A strong musical unity must be found in our parish liturgies. This unity is Gregorian chant. The 2007 General Instruction of the Roman Missal declares that certain parts of the Ordinary ought to be sung at international gatherings as a sign of musical unity, but today our parishes do have that distinctly international character. This practice should become the norm, and the faithful should be taught the easiest chants of the Ordinary without delay (#41). Then, at the other parts of the liturgy, the parish staff may decide how best to deal with musical options provided they comport with the dignity and sacredness of the liturgy. Once the easiest chants have been learned, the congregation may advance to the less easy. In this way, parishes express Christian unity and pass on the treasury of sacred music to the next generation. I have attended Sunday liturgies in Europe where the Ordinary chants and the indigenous music of the locale are sung at the same Mass. The musical symbol of the Church’s universality is Gregorian chant whose home is wherever there are Roman Catholics.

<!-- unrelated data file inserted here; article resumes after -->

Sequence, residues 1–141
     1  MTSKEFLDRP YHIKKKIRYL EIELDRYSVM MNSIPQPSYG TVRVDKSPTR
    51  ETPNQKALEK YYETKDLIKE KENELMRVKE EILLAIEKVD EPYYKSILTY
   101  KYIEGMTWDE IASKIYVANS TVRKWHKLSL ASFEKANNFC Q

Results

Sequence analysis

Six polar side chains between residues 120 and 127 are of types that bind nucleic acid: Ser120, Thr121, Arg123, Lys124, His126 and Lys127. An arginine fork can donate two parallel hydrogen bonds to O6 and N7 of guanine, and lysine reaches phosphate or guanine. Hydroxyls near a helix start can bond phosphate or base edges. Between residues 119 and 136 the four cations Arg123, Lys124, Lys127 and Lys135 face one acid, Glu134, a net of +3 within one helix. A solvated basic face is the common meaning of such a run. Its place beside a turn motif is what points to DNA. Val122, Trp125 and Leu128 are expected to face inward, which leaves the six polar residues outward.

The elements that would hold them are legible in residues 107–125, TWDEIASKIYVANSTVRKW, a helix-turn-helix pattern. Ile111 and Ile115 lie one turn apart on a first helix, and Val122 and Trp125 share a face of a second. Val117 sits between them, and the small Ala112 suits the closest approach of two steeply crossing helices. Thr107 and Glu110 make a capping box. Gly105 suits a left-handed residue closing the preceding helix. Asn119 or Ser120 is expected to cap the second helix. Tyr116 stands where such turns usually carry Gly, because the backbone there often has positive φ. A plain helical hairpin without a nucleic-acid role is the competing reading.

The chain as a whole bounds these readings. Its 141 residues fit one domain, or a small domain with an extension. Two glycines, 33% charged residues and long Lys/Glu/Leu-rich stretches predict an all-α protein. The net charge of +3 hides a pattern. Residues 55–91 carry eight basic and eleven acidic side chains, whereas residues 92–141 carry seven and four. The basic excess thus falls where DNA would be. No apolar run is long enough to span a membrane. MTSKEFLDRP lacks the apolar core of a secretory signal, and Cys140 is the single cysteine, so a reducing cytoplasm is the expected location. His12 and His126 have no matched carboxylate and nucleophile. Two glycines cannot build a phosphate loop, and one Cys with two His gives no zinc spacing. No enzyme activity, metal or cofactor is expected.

One Hour a Week
Whether or not we admit it, “the world is too much with us.” Faithful Catholics attend Sunday Mass to be lifted up from the culture’s assault on their sensibilities. Just one hour a week, away from the din of daily life! A reverently-celebrated liturgy can be powerful enough for them to face the cares of the coming week. They want to be drawn into the ritual, the homily, and the music. The faithful deserve prayerful liturgy and music. Every parish is unique with its own needs, limitations, and talent. Sunday liturgy need not be elaborate, just celebrated with care.
What to Do?